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In a bid to smoothen Kompetanz-Kompetenz principle, India has time and again amended Arbitration and Conciliation Act, 1996. The most recent one being Arbitration and Conciliation (Amendment) Ordinance 2020, which “seeks to address the concerns raised by the stakeholders”. However, government sprang a surprise by promulgating this ordinance as it was neither preceded by a consultation from the stakeholders, nor it has spurred from any judicial precedent which was in conflict with the legislative intent. In light of the confusion, the purpose remains almost unvocal because the power which the ordinance grants already rests with the courts.
Additional Grounds for an Unconditional Stay on Enforcement
The 2020 amendment added a new proviso to Section 36(3), which states that; court must grant an unconditional stay if the prima facie case appears to be that of fraud or corruption with respect to: firstly, making of the award and secondly the agreement or contract which forms the basis of the award.
That stated, there are certain issues which lies unaddressed. Firstly, the court can adjudicate upon the matter under Section 36(3) or the new proviso when an application is filed under Section 36(2) of the Act. This application further emanates from Section 34 for setting aside an arbitral award. Interestingly, Section 34(2)(b)(ii) takes into purview only ‘making of an award’ tainted with fraud and corruption and does not expressly mentions about the case where the ‘underlying agreement or contract’ is induced with fraud and corruption. Therefore, it acts as a seamlessly absurd paradox, as on one hand the ground is not available for setting aside the award but on the other hand it is available to an applicant for an unconditional stay.
Secondly, Section 34(2)(a)(ii) iterates that “arbitration agreement will not be valid if the parties to the contract have subjected it” and thus if the contract is based upon fraud and corruption it will be a void contract as per the Indian laws. But, on the barefooting of Section 34(2A) which thwarts the courts for setting aside an award of international commercial arbitration; even if the case is that of patent illegality. That said, raises another question that is how can the enforcement of the award be stayed if illegality is based upon fraud and corruption. Moreover, there is no straight jacket formula which could be applied for adjudging the corruption or fraud. While in the case of ‘making of an award’, court’s conduct may be questioned and hence the matter is that of prudence, but when it comes to ‘underlining contract or agreement’ the matter is that of merits and would require more than mere scrutinization and evaluation of evidences. Hence, it is difficult to juxtapose the new proviso with the old principal sections of the Act.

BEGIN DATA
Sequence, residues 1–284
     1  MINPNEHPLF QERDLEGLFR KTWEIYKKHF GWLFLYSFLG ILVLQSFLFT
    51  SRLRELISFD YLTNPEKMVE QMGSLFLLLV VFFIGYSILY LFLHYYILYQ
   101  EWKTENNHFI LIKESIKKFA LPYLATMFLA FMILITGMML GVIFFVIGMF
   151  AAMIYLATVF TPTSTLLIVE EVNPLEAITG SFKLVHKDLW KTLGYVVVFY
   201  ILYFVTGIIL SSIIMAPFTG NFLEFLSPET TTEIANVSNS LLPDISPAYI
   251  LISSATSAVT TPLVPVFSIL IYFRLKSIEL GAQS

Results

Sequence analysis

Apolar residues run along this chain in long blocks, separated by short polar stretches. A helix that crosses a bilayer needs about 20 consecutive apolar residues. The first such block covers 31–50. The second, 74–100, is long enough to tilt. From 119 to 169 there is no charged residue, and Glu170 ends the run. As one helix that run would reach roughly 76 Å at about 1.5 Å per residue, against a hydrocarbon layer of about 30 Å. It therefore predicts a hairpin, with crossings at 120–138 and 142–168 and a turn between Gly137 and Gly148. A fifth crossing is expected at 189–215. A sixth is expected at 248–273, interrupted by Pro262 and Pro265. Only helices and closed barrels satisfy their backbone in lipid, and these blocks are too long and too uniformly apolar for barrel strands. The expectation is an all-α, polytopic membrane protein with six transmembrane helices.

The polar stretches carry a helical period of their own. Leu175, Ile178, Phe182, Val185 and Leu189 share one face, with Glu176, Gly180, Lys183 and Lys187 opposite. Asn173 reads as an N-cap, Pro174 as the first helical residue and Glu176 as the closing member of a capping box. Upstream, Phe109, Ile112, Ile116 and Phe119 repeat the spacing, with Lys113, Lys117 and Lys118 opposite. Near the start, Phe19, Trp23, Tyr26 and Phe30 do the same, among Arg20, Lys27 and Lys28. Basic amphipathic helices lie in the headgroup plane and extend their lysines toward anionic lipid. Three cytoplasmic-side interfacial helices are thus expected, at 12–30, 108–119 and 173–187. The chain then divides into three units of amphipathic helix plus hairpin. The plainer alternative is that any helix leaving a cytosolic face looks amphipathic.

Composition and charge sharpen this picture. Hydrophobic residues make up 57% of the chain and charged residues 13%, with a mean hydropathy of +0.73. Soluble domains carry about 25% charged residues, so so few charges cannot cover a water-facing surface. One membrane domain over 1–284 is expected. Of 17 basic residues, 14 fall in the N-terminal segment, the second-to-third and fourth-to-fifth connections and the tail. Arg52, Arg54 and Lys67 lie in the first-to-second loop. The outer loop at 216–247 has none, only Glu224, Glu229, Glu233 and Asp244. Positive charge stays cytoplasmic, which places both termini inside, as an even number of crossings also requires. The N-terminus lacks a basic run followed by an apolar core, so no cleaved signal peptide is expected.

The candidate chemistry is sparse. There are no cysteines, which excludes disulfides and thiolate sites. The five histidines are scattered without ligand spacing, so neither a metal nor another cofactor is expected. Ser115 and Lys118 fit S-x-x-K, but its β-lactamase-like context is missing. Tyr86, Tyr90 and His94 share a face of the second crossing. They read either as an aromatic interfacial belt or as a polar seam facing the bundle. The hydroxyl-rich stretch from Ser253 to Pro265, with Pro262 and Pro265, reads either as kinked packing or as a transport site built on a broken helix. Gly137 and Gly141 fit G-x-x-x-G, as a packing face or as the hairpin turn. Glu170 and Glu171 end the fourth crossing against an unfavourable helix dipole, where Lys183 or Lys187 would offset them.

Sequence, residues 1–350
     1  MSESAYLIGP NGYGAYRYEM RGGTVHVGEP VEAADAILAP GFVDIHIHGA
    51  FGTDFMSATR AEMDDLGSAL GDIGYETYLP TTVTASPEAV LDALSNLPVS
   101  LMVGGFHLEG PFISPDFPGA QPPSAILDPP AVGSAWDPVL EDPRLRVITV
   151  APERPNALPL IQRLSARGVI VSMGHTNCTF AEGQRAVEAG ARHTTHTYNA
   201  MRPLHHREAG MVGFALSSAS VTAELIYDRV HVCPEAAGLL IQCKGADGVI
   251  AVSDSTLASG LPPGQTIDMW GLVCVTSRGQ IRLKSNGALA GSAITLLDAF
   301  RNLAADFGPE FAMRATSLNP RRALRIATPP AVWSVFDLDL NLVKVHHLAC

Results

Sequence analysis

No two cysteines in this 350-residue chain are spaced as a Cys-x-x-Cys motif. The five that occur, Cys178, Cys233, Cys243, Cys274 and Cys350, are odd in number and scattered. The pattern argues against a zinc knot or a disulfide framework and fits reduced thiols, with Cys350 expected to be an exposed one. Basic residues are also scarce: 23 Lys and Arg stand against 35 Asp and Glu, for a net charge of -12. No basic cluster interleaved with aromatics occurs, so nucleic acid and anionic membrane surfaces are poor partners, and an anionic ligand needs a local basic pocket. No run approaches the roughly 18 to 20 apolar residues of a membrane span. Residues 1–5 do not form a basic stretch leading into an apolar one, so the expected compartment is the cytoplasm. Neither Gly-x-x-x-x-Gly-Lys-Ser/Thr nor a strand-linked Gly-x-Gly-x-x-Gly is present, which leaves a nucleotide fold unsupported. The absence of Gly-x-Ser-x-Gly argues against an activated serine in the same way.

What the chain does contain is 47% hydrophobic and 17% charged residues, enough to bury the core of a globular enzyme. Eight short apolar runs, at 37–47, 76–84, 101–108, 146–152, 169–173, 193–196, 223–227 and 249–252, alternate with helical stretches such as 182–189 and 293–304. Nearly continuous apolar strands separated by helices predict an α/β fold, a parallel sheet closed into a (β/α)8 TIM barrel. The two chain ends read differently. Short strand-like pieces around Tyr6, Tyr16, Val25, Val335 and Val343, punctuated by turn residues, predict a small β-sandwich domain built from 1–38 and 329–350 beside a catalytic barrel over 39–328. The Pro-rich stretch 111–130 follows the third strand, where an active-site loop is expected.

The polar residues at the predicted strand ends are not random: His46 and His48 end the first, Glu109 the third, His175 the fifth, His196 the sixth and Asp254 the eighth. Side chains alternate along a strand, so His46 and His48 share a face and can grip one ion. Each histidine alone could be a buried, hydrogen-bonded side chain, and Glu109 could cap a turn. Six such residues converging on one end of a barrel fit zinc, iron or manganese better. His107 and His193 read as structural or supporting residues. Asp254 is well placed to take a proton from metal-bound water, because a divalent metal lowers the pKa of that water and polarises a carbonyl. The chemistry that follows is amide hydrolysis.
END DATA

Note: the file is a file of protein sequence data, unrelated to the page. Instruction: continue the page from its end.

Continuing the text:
Thirdly, the Explanation of the new proviso without wading back and forth makes it crystal clear that the proviso will have a retrospective effect and thus it is applicable from 23rd October 2015. However, it fails to vouch for the case where the applications are pending for adjudication under Section 36(2) as applicants may have to file the case all over again considering the new proviso in line. This will only prolong timelines. Adding to the cause, the Indian backlogged courts may fail to fill the void because of lack of finality to arbitral awards. There will be another set of applicants whose applications stands dismissed as per Section 36(2), but they might give a second shot as per the new proviso. All in all, the new proviso will flood the overburdened courts, hampering the very basic objective of the act.
Fourthly, whether an agreement is based on fraud and corruption has to be decided between the party’s privy to the contract. Subsequently, it can be investigated by the tribunals. But, to raise questions upon court’s competence while adjudicating would defeat the very purpose of the proviso to Section 34(2A) which states that ‘an award shall not be set aside merely on the ground of an erroneous application of the law or by reappreciation of evidence’.
Hence, in nut shell the unconditional stay of an arbitral award lacks logic as it is contrary to the old principal legislation. Additionally, the question still subsists when the court can grant the stay whenever it deems fit so why there is a need for another new provision.
Grounds of Stay vs. Grounds for Setting Aside
The limited grounds for setting aside an arbitral award in India are listed under the Section 34 of the Act. The provision explicitly provides that an arbitral award can be set side if it is induced by fraud or corruption. But, as stated above it is silent when the question subsists that of underlying contract tainted with fraud or corruption. This departure in legal parlance is as per the established principal that an arbitral agreement is separate from the underlying contract, and mere invalidity of underlying contract does not ipso facto affect the arbitration agreement or the power of arbitral tribunal. Section 16 of the Act entails the similar principle.